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Cummings: ATF probe should consider gun laws

Rep. Elijah E. Cummings, in the latest battle with his Republican counterpart on the House Oversight Committee, said Thursday that an investigation into a troubled federal gun trafficking operation should also consider the role U.S. gun laws play in violence on the Mexican border.

In a report released by the Baltimore Democrat on Thursday, in advance of a Capitol Hill forum he scheduled on the issue, Cummings argues that federal agents working to combat international drug cartels would benefit from tougher criminal penalties on straw purchases and trafficking.

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Cummings, who is the top-ranking Democrat on the oversight committee, said the committee's chairman, Rep. Darrell Issa, a California Republican, has tried to "wall off any discussion of the nation's gun laws" as part of the ongoing investigation.

"Trafficking firearms to Mexico is illegal. Anyone who buys an assault rifle on behalf of a Mexican cartel is a criminal," the Baltimore lawmaker said. "Placing common-sense restrictions on criminals who supply guns to drug cartels does not infringe on the rights of law abiding citizens."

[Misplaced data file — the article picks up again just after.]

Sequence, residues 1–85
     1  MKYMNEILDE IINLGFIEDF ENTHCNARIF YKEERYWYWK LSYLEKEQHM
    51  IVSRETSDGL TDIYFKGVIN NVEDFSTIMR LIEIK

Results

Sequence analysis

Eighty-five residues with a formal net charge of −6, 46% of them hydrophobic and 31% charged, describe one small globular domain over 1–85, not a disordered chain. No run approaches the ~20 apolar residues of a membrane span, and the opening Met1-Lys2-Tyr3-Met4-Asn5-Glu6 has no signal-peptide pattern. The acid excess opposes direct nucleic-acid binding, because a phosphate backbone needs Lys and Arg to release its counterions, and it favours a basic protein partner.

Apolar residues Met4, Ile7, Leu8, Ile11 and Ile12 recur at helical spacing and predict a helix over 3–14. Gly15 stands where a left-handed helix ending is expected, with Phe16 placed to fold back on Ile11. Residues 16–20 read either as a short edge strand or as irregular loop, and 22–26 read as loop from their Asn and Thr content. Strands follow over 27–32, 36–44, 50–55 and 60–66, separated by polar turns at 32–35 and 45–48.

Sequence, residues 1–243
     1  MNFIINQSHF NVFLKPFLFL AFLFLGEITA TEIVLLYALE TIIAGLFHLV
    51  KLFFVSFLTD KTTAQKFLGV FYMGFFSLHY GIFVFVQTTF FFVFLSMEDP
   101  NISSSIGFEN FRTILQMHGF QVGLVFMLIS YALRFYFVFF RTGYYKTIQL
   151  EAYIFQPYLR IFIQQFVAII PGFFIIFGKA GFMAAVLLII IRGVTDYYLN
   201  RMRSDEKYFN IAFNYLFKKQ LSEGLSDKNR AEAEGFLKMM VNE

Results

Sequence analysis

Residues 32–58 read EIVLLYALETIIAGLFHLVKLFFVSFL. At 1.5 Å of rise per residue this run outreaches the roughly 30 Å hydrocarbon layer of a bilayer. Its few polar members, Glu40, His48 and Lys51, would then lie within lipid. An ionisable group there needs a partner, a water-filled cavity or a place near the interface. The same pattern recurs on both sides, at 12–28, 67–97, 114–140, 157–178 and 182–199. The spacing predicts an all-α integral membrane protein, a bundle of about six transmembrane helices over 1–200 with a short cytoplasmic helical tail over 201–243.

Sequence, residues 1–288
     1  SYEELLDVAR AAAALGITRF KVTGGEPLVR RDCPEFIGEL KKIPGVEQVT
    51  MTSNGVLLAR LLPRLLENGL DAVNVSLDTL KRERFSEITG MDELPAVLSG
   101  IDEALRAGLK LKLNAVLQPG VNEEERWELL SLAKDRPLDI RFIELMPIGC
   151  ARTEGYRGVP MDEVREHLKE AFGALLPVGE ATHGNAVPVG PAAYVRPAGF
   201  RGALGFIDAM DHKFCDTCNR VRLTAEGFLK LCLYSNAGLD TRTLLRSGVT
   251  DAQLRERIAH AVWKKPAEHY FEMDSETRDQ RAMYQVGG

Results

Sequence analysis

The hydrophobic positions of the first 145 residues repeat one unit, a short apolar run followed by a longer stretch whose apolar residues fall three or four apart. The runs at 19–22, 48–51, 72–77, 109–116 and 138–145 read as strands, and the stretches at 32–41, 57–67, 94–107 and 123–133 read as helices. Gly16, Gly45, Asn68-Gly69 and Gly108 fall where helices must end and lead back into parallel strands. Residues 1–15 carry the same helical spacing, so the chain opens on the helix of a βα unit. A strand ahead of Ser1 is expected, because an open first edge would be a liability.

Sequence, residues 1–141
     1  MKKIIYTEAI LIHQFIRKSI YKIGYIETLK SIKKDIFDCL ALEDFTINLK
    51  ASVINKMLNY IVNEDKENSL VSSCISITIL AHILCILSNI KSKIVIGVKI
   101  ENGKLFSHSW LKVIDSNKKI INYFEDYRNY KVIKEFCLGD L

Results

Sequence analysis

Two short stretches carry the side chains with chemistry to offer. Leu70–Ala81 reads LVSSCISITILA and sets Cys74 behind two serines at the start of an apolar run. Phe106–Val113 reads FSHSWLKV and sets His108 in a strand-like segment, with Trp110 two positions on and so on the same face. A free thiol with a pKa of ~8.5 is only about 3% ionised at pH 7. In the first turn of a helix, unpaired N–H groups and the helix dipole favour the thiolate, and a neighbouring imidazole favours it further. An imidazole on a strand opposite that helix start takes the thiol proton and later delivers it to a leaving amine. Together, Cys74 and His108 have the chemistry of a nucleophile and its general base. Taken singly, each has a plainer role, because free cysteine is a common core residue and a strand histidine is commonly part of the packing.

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Issa's investigation has centered on a Bureau of Alcohol, Tobacco, Firearms, and Explosives sting operation called "Fast and Furious," in which agents allowed weapons to be sold to straw purchasers for Mexican drug cartels to discover how those guns were brought across the border. But the ATF lost track of many of those weapons, including two that were found at the scene of the murder of an ATF agent last year.

Republicans say Cummings' focus on gun laws is beside the point.

"This is a predictable maneuver from a minority that has sought to obstruct the investigation into Justice Department sanctioned gunwalking," said Issa spokesman Frederick Hill. "It will not affect the committee's continued focus on a reckless operation that has been linked to deaths on both sides of the border."

Cummings and Issa have battled publicly this year over everything from a high-profile investigation into the mortgage foreclsoure crisis to rules over who can call which witnesses to testify.

At a news conference Wednesday, President Barack Obama was asked whether he will consider replacing the current leadership at the ATF.

"My attorney general has made clear that he certainly would not have ordered gun running to be able to pass through into Mexico," Obama responded. "I've made very clear my views that that would not be an appropriate step by the ATF, and we got to find out how that happened. As soon as the investigation is completed, I think appropriate actions will be taken."


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